You can get tips on using supplements, but if you're considering the use of vitamin D supplements, talk with your primary care provider first.
Self-treating a condition and avoiding or delaying standard care may have serious consequences.
Is there more than one kind of vitamin D?
There are two major types of vitamin D in humans. Vitamin D3 (cholecalciferol) is the type produced in the body in response to exposure to the sun's ultraviolet B rays. Vitamin D2 (ergocalciferol) is synthesized in plants. Both types must be converted in the liver and kidneys to the active form, 1,25 dihydroxyvitamin D, to be utilized in the body.
What are some risk factors for vitamin D deficiency?
There are certain groups of people who are at higher risk for vitamin D deficiency. They include:
- People with limited sun exposure. The amount of vitamin D formed from exposure to the sun is affected by season and latitude. In general, in northern cities such as Boston or New York, there aren't enough UVB rays to form vitamin D during the fall and winter months. People who are homebound, women who wear robes and head coverings for religious reasons, and people whose jobs or work hours limit their exposure to sunlight are ly not obtaining significant amounts of vitamin D from sunlight.
- People who use sunscreen. The use of sunscreen prevents the formation of vitamin D, too. Even sunscreen with an SPF of 8, an amount found in many daily moisturizers, can greatly reduce vitamin D production.
- People with greater skin pigment. People with darker skin have more melanin, the pigment that gives skin its color. Melanin absorbs UV rays, which reduces the skin's ability to produce vitamin D. The more pigment in a person's skin, the more important it is that he or she consumes enough vitamin D. One study found that an estimated 65% of African-Americans were deficient in vitamin D, compared with 29% of Hispanics and 14% of Whites.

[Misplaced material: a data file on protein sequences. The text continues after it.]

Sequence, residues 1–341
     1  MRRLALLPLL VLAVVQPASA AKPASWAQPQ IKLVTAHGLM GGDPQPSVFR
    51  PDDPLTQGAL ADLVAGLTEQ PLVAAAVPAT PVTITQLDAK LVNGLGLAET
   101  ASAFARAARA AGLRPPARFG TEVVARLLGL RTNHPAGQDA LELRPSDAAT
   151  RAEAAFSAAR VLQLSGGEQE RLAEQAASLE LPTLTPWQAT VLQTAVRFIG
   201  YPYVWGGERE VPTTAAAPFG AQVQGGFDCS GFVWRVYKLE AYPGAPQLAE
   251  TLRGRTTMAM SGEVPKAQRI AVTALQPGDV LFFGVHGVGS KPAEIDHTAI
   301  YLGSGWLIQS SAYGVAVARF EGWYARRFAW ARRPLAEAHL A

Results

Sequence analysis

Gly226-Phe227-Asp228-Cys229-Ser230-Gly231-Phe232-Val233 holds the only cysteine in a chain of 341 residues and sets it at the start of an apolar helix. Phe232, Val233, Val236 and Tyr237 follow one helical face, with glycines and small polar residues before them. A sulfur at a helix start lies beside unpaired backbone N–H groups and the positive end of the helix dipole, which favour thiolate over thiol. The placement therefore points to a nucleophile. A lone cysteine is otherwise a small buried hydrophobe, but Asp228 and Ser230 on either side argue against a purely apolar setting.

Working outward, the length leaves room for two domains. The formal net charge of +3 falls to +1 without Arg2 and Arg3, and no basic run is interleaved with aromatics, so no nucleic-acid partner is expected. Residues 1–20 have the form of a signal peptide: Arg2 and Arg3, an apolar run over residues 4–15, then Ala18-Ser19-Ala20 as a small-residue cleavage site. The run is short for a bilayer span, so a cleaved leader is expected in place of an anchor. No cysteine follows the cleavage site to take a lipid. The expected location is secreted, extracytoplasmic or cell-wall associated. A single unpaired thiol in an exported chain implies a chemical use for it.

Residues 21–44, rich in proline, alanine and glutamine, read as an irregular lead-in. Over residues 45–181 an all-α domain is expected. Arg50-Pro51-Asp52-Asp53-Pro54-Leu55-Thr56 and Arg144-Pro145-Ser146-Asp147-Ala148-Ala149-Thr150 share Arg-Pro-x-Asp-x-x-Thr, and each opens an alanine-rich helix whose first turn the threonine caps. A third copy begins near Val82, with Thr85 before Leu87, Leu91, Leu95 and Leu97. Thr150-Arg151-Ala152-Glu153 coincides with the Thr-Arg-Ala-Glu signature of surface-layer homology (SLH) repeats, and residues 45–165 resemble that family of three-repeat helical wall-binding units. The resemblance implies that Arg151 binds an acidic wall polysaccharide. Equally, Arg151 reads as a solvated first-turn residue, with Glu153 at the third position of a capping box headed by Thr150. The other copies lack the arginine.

- Older people. Older people are at greater risk of vitamin D deficiency, as the ability to produce vitamin D dwindles with age. In fact, vitamin D levels in elderly subjects have been found to be approximately 30% of the levels found in young adults. It is estimated that 20% to 100% of older adults living in the United States, Canada, and Europe, suffer from vitamin D deficiency.
- People who can't properly absorb fat (fat malabsorption). Vitamin D requires some dietary fat in order to be absorbed in the small intestine. People with conditions that cause fat malabsorption, such as cystic fibrosis, celiac disease, Crohn's disease, Whipple disease, and chronic liver disease, are more prone to vitamin D deficiency. People with kidney disease may not be able to convert vitamin D to its active form.
- People who are obese. If you are overweight or obese, you may be at higher risk for vitamin D deficiency. Check your BMI with a healthcare provider to determine your risk.
- Infants who are exclusively breastfed. Vitamin D requirements for infants can't be met by human breast milk alone. Consult your pediatrician before using vitamin D supplements in infants.